Analytics can create value, however, too many organizations fall short of reaping their full benefit. Many analytics users have admitted there is no clear answer when evaluating the impact analytics have had on their business decisions. Demystifying analytics is key for organizational transformation and value creation.
When analytics are applied to the healthcare and life sciences industries, analytics typically focus on clinical, operational, and financial objectives. Popular examples includes how to identify high-risk patient populations in order to improve their outcomes, how to target providers to grow market share, or how to assess the impact an at-risk contract poses to the bottom line.
Whether the objective is clinical, financial, or operational, successful processes begins by engaging teams to identify key business questions to which analytics can provide answers. These questions should be tied to strategy and will lead to better outcomes when answered.
The second habit in Stephen Covey’s book, 7 Habits of Highly Effective People, suggests to “begin with the end in mind”. This is true for analytics. An agile approach starts by asking questions for which you need answers and then assembling the data and analytics which lead to those answers. Questions such as which physicians should be included for targeting based on their patient characteristics and practice patterns and which physicians should be targeted based on their referral preferences may appear similar but ultimately use different data sets. Amassing data merely for the sake of having it may muddy the waters. As an unintended consequence, users may be unsure about what data to use or which approach to take. A company could spend time and money on data that is unable to deliver the needed business insights or the data may be available but not easily accessed.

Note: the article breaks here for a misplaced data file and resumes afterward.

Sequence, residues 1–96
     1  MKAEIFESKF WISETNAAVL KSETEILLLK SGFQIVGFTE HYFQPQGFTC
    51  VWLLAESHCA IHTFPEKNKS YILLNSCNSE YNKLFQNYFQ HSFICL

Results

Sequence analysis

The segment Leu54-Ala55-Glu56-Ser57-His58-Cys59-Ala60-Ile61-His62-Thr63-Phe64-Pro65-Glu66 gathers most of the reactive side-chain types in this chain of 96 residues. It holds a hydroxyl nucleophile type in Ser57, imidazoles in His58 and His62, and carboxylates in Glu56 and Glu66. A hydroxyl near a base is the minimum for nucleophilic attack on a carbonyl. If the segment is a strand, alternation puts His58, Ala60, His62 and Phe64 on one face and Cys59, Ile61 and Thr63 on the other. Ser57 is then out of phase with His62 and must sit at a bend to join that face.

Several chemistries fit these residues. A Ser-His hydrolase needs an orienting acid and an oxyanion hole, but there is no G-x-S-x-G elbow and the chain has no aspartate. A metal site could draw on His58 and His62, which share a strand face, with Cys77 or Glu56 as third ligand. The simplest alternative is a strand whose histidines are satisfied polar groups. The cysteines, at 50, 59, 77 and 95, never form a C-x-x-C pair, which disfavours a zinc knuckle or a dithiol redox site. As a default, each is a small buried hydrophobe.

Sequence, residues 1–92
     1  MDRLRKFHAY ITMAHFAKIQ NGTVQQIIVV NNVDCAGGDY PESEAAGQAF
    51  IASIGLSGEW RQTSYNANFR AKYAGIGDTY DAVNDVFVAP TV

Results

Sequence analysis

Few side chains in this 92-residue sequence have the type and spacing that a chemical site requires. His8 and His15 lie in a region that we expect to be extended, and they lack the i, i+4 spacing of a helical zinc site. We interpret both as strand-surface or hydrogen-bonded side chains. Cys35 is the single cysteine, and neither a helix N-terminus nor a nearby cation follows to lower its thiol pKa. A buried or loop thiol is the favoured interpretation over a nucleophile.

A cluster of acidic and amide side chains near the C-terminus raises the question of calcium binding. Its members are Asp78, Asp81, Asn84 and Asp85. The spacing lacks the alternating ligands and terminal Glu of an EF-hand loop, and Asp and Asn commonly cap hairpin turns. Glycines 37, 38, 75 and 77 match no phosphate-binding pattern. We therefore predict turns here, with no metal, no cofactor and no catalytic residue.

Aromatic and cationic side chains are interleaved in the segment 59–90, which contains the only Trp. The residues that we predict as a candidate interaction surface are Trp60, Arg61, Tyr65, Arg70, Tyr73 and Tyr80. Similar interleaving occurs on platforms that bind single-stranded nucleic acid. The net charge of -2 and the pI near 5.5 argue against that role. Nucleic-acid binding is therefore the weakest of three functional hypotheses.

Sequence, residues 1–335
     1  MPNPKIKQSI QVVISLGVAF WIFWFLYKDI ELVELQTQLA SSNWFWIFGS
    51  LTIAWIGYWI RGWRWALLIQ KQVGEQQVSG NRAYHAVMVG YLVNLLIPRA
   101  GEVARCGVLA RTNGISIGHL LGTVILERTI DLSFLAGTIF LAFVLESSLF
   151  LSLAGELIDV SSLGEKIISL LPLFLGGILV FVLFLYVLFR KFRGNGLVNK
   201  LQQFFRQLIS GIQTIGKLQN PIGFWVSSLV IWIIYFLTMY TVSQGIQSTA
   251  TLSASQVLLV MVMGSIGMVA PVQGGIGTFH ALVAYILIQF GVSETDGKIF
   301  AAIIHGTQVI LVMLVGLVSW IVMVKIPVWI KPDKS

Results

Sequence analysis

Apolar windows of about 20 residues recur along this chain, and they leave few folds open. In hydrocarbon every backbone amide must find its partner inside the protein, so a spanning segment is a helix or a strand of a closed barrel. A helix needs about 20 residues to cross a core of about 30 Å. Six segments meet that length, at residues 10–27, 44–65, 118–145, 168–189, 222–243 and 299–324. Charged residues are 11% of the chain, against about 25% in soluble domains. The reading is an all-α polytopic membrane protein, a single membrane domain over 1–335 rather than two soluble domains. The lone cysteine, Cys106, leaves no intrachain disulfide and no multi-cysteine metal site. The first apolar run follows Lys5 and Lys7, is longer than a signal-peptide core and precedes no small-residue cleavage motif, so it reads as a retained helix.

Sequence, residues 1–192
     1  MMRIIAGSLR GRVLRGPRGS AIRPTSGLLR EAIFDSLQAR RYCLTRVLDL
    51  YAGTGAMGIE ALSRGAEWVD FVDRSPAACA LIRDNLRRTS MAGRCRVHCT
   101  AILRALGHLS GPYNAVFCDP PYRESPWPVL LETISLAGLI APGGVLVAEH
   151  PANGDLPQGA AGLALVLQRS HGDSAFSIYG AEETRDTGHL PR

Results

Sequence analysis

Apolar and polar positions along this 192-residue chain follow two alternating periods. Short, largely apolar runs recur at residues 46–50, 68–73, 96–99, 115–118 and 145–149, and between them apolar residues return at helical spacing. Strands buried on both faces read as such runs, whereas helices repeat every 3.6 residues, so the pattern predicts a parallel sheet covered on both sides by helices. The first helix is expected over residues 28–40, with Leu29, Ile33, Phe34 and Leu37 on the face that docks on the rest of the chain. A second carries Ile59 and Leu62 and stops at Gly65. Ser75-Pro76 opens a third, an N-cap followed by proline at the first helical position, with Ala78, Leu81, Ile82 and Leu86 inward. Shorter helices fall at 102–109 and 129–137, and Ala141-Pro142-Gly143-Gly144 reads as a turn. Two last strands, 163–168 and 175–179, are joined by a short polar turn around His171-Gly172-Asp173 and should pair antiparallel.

“Agile” describes not only the development of the analytics but also the upstream process. This type of approach, assembling and validating questions, helps to ensure you are on the correct path. Including cross-functional members, such as end-users, stakeholders, technical experts, and others with different perspectives, helps to round out an understanding of the business problem. Cross-functional collaboration enables the right questions to be asked with the added benefit of getting buy-in from the team. When participants from business development, IT, decision support, finance, and marketing are often in the room together, they often see things from their unique perspectives.
Beginning with questions gradually drives an organization to seek answers rather than data, which over time leads to a commitment to using analytics more effectively. This is a subtle change with a big impact over the long term and will lead to better analytics value creation.
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